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Intro to Luke


By Mark Silverthorn

Author:
The common conclusion that scholars have determined for the authorship of the third gospel is a physician named Luke, who was Paul’s missionary companion for much of his ministry. It is believed that this author is the same Luke that Paul refers to in Philemon 24, Colossians 4:14, and 2 Timothy 4:11. Luke is also the author of Acts. Luke and Acts combined make up one quarter of the NT. In Luke 1:1-4, the author makes it clear that he has undertaken this book to give an orderly account of his findings, that the audience “may know the truth” of the events of Jesus’ life.

Audience:
The immediate audience for Luke’s account was a man named Theophilus. Both Luke and Acts are addressed to a person named Theophilus. Luke makes his intentions clear in the statement “it seemed good for me also… to write an orderly account for you…” It appears that in a sea of other false accounts of Jesus, Luke set out to give an accurate record of what He has received from the apostles. The Greek grammar and syntax is much more sophisticated that the other gospels, so it appears Luke’s gospel was intended for a scholarly audience and possibly even as an apologetic in legal cases.

Date:
There is much debate on the date and source material for the book of Luke. Many scholars believe that Luke had access to both the gospels according to Mark and Matthew. This along with the probable dates of Luke’s journeys with Paul have led scholars to believe Luke was written sometime in the mid 60’s. The exact date is very difficult to determine, but it seems most likely this book was written before AD 70 when the Romans sacked Jerusalem.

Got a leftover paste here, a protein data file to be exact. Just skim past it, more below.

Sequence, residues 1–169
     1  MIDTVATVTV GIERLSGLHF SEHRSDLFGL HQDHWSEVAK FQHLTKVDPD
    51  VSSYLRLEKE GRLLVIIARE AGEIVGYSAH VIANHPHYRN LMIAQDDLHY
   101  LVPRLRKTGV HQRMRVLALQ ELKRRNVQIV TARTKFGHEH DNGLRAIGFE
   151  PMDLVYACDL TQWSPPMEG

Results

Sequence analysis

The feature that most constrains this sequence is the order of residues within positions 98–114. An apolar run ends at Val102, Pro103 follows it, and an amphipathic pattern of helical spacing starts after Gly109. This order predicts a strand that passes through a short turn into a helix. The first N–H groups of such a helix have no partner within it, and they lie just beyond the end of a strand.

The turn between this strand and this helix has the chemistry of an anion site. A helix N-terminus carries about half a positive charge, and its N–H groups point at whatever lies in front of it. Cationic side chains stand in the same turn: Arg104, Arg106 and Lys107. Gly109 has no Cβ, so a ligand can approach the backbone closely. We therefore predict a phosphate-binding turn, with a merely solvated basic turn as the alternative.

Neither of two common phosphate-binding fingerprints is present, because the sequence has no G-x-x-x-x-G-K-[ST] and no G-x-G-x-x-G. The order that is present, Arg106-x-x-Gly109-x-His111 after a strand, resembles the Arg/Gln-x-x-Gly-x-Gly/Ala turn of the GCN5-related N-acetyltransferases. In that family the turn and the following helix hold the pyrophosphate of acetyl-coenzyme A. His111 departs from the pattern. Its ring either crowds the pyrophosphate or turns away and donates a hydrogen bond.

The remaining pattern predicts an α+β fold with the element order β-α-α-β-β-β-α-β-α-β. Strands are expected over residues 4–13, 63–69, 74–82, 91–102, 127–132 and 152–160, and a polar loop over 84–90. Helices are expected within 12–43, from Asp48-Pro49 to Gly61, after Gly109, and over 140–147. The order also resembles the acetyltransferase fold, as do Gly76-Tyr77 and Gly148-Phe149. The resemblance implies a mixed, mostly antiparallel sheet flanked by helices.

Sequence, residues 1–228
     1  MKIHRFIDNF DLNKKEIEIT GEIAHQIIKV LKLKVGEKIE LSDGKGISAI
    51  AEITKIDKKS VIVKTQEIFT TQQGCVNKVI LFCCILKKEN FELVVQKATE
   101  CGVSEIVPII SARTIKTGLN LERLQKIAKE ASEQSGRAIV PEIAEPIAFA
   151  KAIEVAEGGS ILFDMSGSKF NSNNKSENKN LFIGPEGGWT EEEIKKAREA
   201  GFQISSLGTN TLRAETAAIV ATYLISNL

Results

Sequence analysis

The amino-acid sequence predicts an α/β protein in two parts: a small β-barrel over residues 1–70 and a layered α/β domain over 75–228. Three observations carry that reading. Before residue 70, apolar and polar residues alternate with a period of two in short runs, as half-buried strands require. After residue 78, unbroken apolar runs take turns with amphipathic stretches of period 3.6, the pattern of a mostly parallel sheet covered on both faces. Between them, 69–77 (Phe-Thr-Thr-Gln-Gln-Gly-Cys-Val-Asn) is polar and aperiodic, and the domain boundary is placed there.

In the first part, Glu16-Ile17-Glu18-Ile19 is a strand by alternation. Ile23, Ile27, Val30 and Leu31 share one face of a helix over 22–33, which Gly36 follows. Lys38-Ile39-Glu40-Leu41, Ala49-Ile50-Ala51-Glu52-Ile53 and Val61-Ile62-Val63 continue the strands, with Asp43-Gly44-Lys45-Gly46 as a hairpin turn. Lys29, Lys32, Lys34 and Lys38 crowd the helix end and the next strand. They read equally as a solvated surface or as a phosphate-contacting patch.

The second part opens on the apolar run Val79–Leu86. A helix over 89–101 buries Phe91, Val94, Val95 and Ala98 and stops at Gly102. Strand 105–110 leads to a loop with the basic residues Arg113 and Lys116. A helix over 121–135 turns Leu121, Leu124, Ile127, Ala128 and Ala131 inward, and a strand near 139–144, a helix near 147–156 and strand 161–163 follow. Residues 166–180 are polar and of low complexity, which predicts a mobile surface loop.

Highlights:

  • Chapters 1-9– The book of Luke begins with the most detailed narrative we have of Jesus’ birth. Chapter 2 ends with the only episode of Jesus’ childhood in the Scriptures. One major theme in Luke is the city of Jerusalem, mentioned 33 times. This is important because this was the major epicenter of all Jewish heritage and religion. Because the Messiah was to be brought through Jewish lineage, Luke focuses on Jerusalem and Jesus’ presence there. In the middle of chapter 4, the focus transitions to Jesus’ public ministry in Galilee. The account of Jesus’ Galilean ministry is given through Ch. 9:27, where you see His direction shift back towards Jerusalem.
  • Chapters 9-19  – This section of passages marks Jesus descent from Galilee to Jerusalem. The material in this section is significant because much of it is unique to Luke’s gospel. These are very important and well-known passages about Jesus’ ministry including the parable of the Good Samaritan, the parable of the Pharisee and the Tax Collector, the parable of the prodigal son, the parable of the rich man and Lazarus, and the parable of Zaccheus. The section concludes with Jesus arriving in Jerusalem.
  • Chapters 19-24 – The concluding section to Luke’s gospel is Jesus time in Jerusalem. The Son of Man came through the Jews to bring salvation to the world and He accomplished by entering in through Jerusalem. Instead of restoring the kingdom of Israel back to earth, He was crucified bringing restoration back to God and His creation. Other themes unique to Luke include the Holy Spirit, lesser of society (poor, sick, women, etc.), prayer, and poverty v. wealth.

 

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